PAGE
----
The town of Peshtigo is suing a Marinette manufacturer of firefighting foam and 100 other companies for costs and damages linked to PFAS contamination stemming from its fire training facility.
The town filed the lawsuit Tuesday in Marinette County Circuit Court against Tyco Fire Products and its parent company Johnson Controls. The lawsuit also names companies Chemguard, ChemDesign and 100 other unnamed "Doe" companies.
The lawsuit alleges Tyco and its predecessor Ansul Company knew of harms linked to PFAS since the 1970s, but continued to release firefighting foam that contained the chemicals at its facility. The town argues those discharges and Johnson Controls’ actions have led to extensive PFAS contamination of drinking water, surface water and other natural resources.
"This contamination imperils the public health, safety, and welfare, constitutes a public nuisance necessitating abatement, and undermines the Town’s ability to protect and conserve natural resources, including surface waters, groundwater, and soil," the complaint states.
PFAS, or perfluoroalkyl and polyfluoroalkyl substances, were first invented in the 1930s, and the chemicals have been used by industry since the 1940s. Companies like Delaware-based DuPont and Minneapolis-based 3M manufactured products using PFAS chemicals, including the two most widely studied substances PFOA and PFOS. They've been called "forever chemicals" because they don’t break down easily in the environment. Numerous studies show PFAS have been linked to serious health issues, including kidney cancer, thyroid disease and fertility issues.
The lawsuit seeks all "past, present, and future costs" related to investigating, monitoring and restoring all PFAS-affected resources and properties in an amount to be decided by a jury at trial.
Due to widespread pollution, the town said it’s now in the process of creating a public water utility to provide safe drinking water to residents. The town, Tyco and the Wisconsin Department of Natural Resources began negotiations late last year to arrive at a permanent water solution for the town. Those discussions broke down, and the town and company have been at odds over a permanent source of safe water.
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"(Tuesday’s) filing represents an important next step in protecting Town residents and in holding the polluters accountable," Cindy Boyle, the town’s chair said in a statement. "I am confident that the judicial process will help restore our town and begin to return to us what Tyco, JCI, and the other defendants have taken: our water, our safety, and ultimately our peace of mind."
In a statement, a Johnson Controls spokesperson said the lawsuit lacked merit, saying Tyco's first priority has been to provide safe drinking water to residents affected by the company's historic operations.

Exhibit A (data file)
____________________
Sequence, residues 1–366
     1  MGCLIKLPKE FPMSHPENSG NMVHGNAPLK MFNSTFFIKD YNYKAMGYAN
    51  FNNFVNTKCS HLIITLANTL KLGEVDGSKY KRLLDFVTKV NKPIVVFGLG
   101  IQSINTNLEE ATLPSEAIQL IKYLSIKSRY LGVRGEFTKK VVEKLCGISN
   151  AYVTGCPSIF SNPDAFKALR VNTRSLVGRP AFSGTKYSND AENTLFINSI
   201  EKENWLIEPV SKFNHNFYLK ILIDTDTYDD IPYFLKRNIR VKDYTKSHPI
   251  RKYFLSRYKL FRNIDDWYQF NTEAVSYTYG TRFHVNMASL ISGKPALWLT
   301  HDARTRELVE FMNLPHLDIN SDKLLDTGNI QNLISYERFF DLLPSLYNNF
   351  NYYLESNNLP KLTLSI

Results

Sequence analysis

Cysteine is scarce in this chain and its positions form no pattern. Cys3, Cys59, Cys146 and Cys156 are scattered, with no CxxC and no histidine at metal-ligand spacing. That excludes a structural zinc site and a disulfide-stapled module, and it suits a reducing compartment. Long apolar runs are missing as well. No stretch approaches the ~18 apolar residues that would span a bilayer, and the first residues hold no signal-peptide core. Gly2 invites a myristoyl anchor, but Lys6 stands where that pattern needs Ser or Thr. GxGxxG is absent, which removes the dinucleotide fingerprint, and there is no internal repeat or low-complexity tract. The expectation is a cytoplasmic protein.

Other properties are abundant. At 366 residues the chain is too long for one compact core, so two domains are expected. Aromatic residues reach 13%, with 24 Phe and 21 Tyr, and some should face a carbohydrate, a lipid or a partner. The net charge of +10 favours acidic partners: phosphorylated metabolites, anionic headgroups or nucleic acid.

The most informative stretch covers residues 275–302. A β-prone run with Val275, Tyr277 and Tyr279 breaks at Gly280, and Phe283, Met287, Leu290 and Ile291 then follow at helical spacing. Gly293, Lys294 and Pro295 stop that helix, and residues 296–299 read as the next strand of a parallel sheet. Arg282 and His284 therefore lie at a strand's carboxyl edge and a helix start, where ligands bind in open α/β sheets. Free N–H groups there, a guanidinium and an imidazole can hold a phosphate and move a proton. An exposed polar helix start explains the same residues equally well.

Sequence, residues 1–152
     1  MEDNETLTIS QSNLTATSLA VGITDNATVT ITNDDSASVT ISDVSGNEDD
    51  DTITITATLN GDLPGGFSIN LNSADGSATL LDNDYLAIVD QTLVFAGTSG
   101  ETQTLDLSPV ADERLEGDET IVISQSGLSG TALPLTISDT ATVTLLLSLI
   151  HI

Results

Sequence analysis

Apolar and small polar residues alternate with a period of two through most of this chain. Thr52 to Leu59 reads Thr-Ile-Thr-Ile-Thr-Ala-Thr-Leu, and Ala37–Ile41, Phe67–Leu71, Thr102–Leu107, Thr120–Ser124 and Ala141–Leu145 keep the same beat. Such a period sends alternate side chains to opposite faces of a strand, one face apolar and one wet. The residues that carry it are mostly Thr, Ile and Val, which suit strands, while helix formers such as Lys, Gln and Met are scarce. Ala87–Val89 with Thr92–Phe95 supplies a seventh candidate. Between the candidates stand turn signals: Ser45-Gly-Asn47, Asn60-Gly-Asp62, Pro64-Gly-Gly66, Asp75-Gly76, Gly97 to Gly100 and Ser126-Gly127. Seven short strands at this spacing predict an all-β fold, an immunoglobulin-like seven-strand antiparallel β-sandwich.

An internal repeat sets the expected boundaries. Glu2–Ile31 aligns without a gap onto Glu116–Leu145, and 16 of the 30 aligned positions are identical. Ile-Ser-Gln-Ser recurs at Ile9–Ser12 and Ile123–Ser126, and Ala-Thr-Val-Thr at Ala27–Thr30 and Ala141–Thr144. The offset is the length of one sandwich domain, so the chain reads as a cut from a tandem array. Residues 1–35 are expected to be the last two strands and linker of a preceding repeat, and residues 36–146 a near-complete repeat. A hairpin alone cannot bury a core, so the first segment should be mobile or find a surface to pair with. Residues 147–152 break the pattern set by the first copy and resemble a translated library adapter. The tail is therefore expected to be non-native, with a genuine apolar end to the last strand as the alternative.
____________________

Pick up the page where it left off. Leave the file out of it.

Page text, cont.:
"Unfortunately, political leaders have some different agenda rather than listening to people, rolling up sleeves and solving problems. We look forward to the opportunity to show this in Court, while at the same time maintaining our steadfast commitment and focus on providing clean, safe drinking water to affected Town residents," Kathleen Cantillon, Johnson Controls spokesperson, said in a statement.
The town argues actions by Johnson Controls and Tyco prove otherwise. The complaint states sampling in 2013 near Tyco’s facility in Marinette showed PFOA levels in groundwater as high as 254,000 parts per trillion. That’s millions of times higher than health advisory levels set by federal environmental regulators this summer and thousands of times higher than the state’s recommended health standard of 20 parts per trillion.
Despite the discovery, the company waited four years before reporting the data to the DNR. Officials with Johnson Controls have said they believed the contamination didn’t extend beyond Tyco’s facility. The DNR referred Tyco and Johnson Controls to the Wisconsin Department of Justice in 2019 for failing to notify regulators of the release.
The DNR directed Tyco and Johnson Controls to begin investigating contamination in 2017. Since then, PFAS has been detected in 80 percent of 415 private wells sampled. The town maintains the extent of pollution is not yet known because the company has refused regulators demands to expand testing outside an area immediately surrounding its facility. Tyco has said it's not the source of pollution far beyond its training center.
The companies have been providing around 173 households with bottled water and installed around 40 on-site treatment systems. In recent weeks, Tyco has proposed drilling deep drinking water wells as a replacement. The DNR has asked the company to give residents information about the risks deep wells pose with radium contamination, which Tyco has done. The agency recommends communities seek out a public water supply as an alternative source of water whenever possible.
This is not the first lawsuit filed against Tyco and Johnson Controls. Early last year, Peshtigo residents reached a $17.5 million settlement with Tyco, Chemguard and ChemDesign over PFAS exposure. In March, Wisconsin Attorney General Josh Kaul also filed a lawsuit against Tyco and Johnson Controls for violating the state's spills law. Tyco was also named in another lawsuit filed by Gov. Tony Evers’ administration in July against 18 chemical companies over their use of PFAS.
The chemicals have contaminated more than 100 sites across the state. PFAS has been found in public and private wells in communities like Wausau, Eau Claire, La Crosse and Madison.